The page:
Sunday, April 25, 2010

Why we love the bike-a-thon

My youngest son began running a fever yesterday, and he awoke with one very early this morning.  After checking his temp and giving him some Motrin, I lay in bed and held him as he drifted back off to sleep.  It was then that my mind started wandering.  I began thinking about kids all over the city - this city - who do not have parents who hold them close, figuratively and literally.

I am well aware of child abuse and neglect statistics, but I struggle to really wrap my brain around them while wrapping my arms around my children.  Who could possibly harm a child?

Then I'm yanked back into my reality.  Abuse entered into my life as a small child.  The touching started first and continued well into my teens.  The neglect and emotional abuse continued into my adult life.

I frequently and openly share my story with others, yet very rarely does that lead to other women opening up (right then) about their stories of sexual abuse.  So secretive.  So painful.  So difficult to talk about.  Yet, I know that at least 25% of girls are sexually abused before their 18th birthday, so that means that at least 25% of women share my same story.

Keeping that statistic in mind, I know that children in every classroom, in every school, in every community are suffering.  Neglected.  Sexually, physically, emotionally and/or verbally abused.  As I look at the children in my child's classroom, in our school, in our community -- they just seem so little, so happy, so well cared for.  The children and their parents bring smiles to my face.  We're happy.  Our community, our school... It's such a happy family-oriented place.

Then I'm yanked back into my reality again.  My abusers looked this happy too.  My abusers held respectable jobs, led Girl Scouts, dressed as the school Santa, chaperoned parties and school events, chaired non-profit events, taught Sunday school, and filled the bleachers every weekend for kids sports.  The abusers' children appeared to be enjoying typical childhood activities - summer camps, scouts, school plays, lots of sports, choir and band, church, and advanced academics.

Child abuse happens everywhere.  In every community.  Even mine.  Across the board, regardless of race, religion, social, educational or economic status.  Sexual abuse happens to 1 in 4 girls and 1 in 6 boys.  90% of sexual perpetrators are known to the victim, 68% are family members.

And sexual abuse isn't even the most common form of child abuse.  Of all the different types of abuse, here are a few statistics:  59% of all abused children are suffering from neglect, 10.8% are being physically abused, and 7.6% are sexually abused.  What this tells us is that neglect and physical abuse are more common than sexual abuse, and sexual abuse affects 20% of the nation's children.  Staggering.  Scary.  Heartbreaking.

I reported my abuse the first time when I was nine years old.  The person I reported to became my second abuser.  Rather than protect, denial, neglect, and looking the other way set in.  Eventually I was accused of seduction.  I didn't tell anyone again until I was a teenager.  I told a young married couple, but they simply couldn't believe that these fine, upstanding, involved people would do such a thing.  The people I'd reported to had failed to protect me.  I never reported again.  Rarely does a child report more than once.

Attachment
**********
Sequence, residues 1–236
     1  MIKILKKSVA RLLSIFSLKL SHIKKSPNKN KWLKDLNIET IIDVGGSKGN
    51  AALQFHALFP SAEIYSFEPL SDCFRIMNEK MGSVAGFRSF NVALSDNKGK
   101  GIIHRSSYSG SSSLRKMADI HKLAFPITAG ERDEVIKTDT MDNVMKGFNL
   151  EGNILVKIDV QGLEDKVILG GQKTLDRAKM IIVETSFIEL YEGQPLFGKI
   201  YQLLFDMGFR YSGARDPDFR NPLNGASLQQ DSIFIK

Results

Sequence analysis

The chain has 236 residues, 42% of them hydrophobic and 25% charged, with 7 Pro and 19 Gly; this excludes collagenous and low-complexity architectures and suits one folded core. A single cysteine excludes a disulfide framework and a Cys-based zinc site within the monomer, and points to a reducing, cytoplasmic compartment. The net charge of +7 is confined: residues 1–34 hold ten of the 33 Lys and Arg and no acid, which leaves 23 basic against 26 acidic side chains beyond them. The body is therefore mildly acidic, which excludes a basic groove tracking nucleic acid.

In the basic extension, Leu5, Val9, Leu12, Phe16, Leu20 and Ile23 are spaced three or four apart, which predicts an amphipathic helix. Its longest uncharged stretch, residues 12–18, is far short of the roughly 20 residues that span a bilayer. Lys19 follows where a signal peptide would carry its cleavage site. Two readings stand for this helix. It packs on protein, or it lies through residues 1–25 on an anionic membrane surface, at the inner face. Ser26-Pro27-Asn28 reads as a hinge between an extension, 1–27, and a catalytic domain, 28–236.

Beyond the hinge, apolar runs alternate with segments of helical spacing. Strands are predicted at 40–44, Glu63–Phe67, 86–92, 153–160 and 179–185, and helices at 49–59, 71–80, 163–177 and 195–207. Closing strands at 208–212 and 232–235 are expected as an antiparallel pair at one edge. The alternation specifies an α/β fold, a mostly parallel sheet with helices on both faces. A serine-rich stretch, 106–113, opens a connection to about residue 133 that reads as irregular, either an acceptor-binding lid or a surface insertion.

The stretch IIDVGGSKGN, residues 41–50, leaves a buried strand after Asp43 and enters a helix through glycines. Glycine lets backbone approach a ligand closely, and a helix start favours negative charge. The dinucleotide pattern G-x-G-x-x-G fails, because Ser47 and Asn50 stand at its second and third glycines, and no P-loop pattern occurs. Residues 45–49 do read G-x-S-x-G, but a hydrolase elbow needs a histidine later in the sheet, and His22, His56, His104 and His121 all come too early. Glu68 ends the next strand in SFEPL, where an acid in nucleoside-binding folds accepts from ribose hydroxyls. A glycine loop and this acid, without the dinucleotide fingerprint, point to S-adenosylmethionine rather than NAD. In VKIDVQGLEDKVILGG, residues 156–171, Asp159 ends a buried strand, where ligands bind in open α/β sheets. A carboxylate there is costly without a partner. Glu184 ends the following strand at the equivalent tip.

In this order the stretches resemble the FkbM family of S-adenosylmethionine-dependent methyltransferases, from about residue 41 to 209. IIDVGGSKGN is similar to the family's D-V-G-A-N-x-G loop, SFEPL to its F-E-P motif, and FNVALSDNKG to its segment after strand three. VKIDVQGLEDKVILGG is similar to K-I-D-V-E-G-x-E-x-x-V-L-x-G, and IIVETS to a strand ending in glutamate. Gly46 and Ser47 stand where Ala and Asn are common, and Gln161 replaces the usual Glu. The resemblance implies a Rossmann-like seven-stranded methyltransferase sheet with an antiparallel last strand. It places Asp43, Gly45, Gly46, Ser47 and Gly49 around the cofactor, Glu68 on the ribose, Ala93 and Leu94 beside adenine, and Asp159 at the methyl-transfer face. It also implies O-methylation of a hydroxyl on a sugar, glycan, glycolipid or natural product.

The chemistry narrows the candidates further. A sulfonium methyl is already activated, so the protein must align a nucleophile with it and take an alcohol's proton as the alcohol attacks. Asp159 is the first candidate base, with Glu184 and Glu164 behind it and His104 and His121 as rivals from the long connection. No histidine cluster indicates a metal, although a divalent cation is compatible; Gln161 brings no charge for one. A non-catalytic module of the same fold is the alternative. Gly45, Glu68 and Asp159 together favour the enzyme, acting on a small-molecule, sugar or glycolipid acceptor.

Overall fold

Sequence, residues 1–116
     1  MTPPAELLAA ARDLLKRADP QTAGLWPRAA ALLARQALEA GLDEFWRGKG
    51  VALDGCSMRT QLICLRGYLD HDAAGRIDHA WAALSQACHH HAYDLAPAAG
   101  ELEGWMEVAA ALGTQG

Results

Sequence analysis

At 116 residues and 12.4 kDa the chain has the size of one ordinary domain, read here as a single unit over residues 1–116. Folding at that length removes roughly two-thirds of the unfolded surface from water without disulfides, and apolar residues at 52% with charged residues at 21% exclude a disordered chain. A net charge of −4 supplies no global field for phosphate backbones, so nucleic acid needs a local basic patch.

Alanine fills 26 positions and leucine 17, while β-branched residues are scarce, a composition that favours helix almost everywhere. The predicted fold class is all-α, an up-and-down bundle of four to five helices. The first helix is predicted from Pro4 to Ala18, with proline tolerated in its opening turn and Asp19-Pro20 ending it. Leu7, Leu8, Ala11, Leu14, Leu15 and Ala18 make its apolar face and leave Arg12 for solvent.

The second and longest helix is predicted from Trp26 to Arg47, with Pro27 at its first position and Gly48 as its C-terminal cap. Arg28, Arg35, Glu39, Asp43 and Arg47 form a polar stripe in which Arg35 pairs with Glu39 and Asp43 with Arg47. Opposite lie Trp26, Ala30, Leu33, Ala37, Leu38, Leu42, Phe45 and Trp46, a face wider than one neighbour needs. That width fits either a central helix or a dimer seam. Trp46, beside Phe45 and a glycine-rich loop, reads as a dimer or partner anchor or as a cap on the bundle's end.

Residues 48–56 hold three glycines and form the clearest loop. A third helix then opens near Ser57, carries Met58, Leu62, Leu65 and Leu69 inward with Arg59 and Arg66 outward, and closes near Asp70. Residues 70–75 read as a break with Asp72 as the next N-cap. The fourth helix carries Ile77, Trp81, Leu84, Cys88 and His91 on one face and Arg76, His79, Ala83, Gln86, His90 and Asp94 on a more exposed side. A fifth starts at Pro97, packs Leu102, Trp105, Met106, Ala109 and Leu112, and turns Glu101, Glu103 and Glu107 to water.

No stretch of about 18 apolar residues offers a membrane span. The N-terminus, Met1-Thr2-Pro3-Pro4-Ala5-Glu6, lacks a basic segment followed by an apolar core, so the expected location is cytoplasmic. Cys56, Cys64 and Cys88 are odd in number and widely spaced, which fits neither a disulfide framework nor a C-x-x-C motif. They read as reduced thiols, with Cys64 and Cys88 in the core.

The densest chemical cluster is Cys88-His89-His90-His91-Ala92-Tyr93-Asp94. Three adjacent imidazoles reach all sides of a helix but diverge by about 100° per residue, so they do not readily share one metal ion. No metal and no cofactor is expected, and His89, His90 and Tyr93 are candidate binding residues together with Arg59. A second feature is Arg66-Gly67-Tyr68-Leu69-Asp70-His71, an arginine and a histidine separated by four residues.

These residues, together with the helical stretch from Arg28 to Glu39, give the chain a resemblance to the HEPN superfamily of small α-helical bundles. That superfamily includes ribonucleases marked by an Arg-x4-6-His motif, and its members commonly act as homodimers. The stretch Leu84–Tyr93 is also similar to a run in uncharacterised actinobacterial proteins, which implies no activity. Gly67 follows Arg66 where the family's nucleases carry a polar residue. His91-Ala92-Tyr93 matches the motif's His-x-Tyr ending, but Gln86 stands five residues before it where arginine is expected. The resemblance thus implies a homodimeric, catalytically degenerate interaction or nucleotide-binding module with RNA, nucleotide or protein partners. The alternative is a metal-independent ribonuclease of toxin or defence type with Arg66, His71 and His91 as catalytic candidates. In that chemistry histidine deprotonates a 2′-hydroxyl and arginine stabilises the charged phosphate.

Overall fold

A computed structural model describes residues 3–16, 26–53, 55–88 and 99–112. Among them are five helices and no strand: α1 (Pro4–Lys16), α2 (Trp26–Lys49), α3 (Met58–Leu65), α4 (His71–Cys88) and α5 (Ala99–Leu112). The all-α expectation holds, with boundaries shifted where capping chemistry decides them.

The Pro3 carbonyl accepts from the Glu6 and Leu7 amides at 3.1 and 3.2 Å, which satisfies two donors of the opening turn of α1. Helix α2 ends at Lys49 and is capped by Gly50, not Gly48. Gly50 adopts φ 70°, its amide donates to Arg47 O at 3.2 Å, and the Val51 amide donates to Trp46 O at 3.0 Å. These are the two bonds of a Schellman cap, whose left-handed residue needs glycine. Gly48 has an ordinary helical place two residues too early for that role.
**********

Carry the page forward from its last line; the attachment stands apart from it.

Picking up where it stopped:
I did finally tell my little elementary school friends about the abuse --- when I was thirty-five.  Most were shocked and heartbroken.  One said that she'd always felt that something was wrong with me.  Even as a young girl, she noticed a change in me.  She'd noticed my insecurity, anxiety and nervousness.  She'd noticed that it was worse when my abusers were around.  What she didn't know was what to do.  She did not know that she should share her concerns with her parents.  She did not know that sometimes adults hurt children.  She did not know that she could help save the life of a child.

There are so many reasons that our family organizes the for KIDS by KIDS bike-a-thon.  We want to make the world safer for children.  We want:
  • to open up conversations about child abuse.
  • to arm adults with valuable information to keep children safe.
  • to prepare adults and children to act responsibly to reports or suspicions of child abuse.
  • to direct hurting children and families to victim's advocacy centers and child abuse prevention services.
  • to remove the blinders that cause us to think that our community is completely safe.
  • to help children in need find loving foster homes and forever families.
It is an incredible blessing to get to be a part of such a life-giving event in our community.  The cost of childhood abuse is enormously high - to the individual, those that care about them, and to our community at large.  We hope you will join us in making the world a safer, happier, healthier place.

See you at the bike-a-thon!


Cori said...

Tonya, I so admire your courage and your ministry. Only a God as great as our's could take your story, and turn it into such a positive. Keep on being confident, keep on putting yourself out there, and know that I'll be praying for you. Love ya.

.:HENDRY:. said...

I was touched to read your post. You are right that the violence on women and children happens everywhere, also in my country, even with the crime rate increasing every year. I think you have done the right thing by notifying the violence that happened to you. And your experiences have brought you a very good volunteer. Do not give up and keep fight to continue to protect women and children.

Regards from Indonesia.